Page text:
We define sectors as transition-sensitive that, on a global level, lose more gross value added in response to a global carbon price than the average sector does. The output share going to non-European transition-sensitive sectors, a narrower measure than the overall export share, as well as the input share from these sectors are much better predictors for how much sectors are exposed to adverse international spillovers. For example, the manufacture of chemicals sector (C20) depends on non-European transition-sensitive sectors, both as providers of a substantial amount of inputs to production in C20 and as buyers of C20 output. Since those transition-sensitive sectors are hit strongly by carbon prices, they charge higher prices on their output and decrease the amount of inputs, hurting the German C20 sector twofold.

Figure 2: Determining factors for additional GVA losses due to non-European carbon prices



Hence, international spillovers from global carbon prices are highly heterogeneous and to a large degree determined by the position of these sectors in global supply chains. Sectors that depend on global transition-sensitive sectors are likely to be subject to substantial spillovers. Other sectors may not see their losses increase in response to global carbon prices, even though they themselves might be emission-intensive or highly exposed to world demand.

A final note is warranted on a second transmission channel for carbon price spillovers. As financial systems of one region often also directly hold assets in sectors in other regions, transition stress can be transmitted through financial networks as well. This model presents a starting point for the analysis of such cross-border financial exposure as well.


Bundesbank (2021), Financial Stability Review 2021, Deutsche Bundesbank.

Devulder A and N Lisack (2020), Carbon Tax in a Production Network: Propagation and Sectoral Incidence, Banque de France Working Paper Series, 760.

Frankovic I (2022), The impact of carbon pricing in a multi-region production network model and an application to climate scenarios, Deutsche Bundesbank Discussion Paper, 07/2022.

IMF (2020), World Economic Outlook, October 2020: A Long and Difficult Ascent, Chapter 3: Mitigating Climate Change, available at https://www.imf.org/en/Publications/WEO/.

IPCC (2018), Summary for Policymakers. In: Global Warming of 1.5C. An IPCC Special Report on the impacts of global warming of 1.5C above pre-industrial levels and related global greenhouse gas emission pathways, World Meteorological Organization, Geneva, Switzerland.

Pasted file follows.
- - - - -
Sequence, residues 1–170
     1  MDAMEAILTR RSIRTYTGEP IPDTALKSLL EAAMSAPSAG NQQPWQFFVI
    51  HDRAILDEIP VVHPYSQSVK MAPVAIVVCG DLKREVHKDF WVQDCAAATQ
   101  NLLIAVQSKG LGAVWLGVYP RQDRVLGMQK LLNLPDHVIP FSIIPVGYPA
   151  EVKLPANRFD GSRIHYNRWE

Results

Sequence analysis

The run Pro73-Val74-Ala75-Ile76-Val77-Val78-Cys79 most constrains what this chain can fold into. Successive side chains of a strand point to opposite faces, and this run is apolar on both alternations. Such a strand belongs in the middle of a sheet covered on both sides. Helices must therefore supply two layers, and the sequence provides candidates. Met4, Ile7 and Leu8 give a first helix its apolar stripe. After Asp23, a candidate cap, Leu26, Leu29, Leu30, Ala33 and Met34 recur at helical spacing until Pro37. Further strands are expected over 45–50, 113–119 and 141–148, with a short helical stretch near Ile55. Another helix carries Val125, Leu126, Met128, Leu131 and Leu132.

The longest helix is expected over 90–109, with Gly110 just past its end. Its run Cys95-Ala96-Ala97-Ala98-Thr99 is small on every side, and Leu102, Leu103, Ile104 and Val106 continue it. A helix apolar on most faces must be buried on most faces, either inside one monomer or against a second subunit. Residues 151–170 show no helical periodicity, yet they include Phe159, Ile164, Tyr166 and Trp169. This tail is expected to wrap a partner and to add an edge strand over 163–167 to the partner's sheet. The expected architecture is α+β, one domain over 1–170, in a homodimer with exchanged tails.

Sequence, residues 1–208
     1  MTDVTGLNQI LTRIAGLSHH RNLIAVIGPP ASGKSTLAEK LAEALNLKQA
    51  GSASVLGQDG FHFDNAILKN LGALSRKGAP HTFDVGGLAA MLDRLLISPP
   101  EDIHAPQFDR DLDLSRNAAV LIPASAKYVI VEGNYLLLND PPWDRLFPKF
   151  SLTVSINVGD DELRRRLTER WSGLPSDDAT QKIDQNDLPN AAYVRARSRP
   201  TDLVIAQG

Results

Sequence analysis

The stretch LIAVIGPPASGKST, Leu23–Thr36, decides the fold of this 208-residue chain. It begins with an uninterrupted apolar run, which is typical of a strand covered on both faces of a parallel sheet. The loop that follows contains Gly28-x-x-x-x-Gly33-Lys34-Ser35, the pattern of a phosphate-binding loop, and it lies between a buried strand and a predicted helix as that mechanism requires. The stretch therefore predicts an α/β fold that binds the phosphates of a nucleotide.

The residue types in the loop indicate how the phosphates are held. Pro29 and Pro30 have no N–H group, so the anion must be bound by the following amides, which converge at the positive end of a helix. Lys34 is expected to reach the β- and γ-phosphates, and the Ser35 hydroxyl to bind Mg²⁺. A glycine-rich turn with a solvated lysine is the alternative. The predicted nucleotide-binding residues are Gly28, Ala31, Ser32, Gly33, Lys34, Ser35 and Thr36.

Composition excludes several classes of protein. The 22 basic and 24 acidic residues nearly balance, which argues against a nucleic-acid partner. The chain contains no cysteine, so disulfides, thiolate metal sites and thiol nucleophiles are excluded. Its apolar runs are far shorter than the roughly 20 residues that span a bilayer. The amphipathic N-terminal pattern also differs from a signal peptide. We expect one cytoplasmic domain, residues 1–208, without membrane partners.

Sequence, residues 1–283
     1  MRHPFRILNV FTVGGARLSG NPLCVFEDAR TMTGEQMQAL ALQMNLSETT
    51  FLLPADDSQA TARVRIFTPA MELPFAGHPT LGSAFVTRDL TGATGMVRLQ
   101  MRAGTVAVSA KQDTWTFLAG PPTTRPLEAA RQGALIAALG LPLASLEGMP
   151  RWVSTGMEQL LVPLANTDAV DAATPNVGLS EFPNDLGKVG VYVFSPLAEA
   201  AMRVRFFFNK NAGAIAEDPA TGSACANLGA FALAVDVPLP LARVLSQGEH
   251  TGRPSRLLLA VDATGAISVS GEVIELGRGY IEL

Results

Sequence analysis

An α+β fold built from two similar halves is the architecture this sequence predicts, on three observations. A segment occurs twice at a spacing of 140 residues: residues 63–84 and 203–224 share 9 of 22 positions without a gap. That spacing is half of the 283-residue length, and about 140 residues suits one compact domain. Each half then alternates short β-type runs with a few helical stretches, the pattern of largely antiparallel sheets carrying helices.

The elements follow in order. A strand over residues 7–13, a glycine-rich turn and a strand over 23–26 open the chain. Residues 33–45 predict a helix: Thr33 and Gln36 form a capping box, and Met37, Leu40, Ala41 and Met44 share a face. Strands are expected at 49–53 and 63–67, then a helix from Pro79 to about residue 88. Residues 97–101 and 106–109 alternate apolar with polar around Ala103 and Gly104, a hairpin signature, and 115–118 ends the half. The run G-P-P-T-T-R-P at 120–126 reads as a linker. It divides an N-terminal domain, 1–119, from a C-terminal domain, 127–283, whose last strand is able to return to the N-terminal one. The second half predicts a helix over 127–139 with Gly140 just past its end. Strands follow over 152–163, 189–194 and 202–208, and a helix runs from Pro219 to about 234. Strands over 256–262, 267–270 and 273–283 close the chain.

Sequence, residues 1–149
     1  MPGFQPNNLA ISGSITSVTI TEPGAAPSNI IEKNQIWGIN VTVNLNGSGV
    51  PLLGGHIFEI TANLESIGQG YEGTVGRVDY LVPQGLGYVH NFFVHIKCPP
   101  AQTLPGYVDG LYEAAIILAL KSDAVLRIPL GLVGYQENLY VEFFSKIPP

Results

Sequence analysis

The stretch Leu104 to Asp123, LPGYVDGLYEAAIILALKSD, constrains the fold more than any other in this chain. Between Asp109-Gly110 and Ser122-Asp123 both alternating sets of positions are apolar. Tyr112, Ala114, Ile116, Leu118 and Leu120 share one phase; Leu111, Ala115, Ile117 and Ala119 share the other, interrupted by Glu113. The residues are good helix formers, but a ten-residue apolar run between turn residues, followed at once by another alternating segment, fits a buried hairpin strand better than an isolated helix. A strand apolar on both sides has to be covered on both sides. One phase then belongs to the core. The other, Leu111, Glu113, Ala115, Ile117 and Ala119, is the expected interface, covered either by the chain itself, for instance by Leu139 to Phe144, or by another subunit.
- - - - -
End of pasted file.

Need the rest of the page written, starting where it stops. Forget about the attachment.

Stadler K, R. Wood, T. Bulavskaya, C.J. Sodersten, M. Simas, S. Schmidt, A. Usubiaga, J. Acosta-Fernandez, J. Kuenen, M. Bruckner, S. Giljum, S. Lutter, S. Merciai, J.H. Schmidt, M.C.

Theurl, C. Plutzar, T. Kastner, M. Eisenmenger, K. Erb, A. de Koning, and A. Tukker (2018), EXIOBASE 3: Developing a Time Series of Detailed Environmentally Extended Multi-Regional Input-Output Tables, Journal of Industrial Ecology, 22(3), 502-515.

Timmer M. P., E. Dietzenbacher, B. Los, R. Stehrer and G. J. de Vries (2015), An Illustrated User Guide to the World Input-Output Database: the Case of Global Automotive Production, Review of International Economics, 23: 575-605.


About the author

Ivan Frankovic is an Economist at the Financial Stability Division at Deutsche Bundesbank. He received his doctoral degree from the Economic Department at the Vienna University of Technology. Previously, he has worked as a Senior Economic Advisor at the Ministry of Finance in Norway and as Researcher at the Austrian Academy of Sciences. His research focuses on the interactions between macroeconomics, climate change and public policy.

1.     The views expressed in this Policy Brief are those of the author and do not necessarily represent those of the Deutsche Bundesbank or the Eurosystem.
2.     The methodology in Frankovic (2022) was applied in the chapter on climate-related financial stability risk in the Bundesbank's Financial Stability Review 2021, see Bundesbank (2021).

SUERF Policy Briefs (SPBs) serve to promote SUERF Members’ economic views and research findings as well as economic policy-oriented analyses. They address topical issues and propose solutions to current economic and financial challenges. SPBs serve to increase the international visibility of SUERF Members’ analyses and research. The views expressed are those of the author(s) and not necessarily those of the institution(s) with which the author(s) is/are affiliated.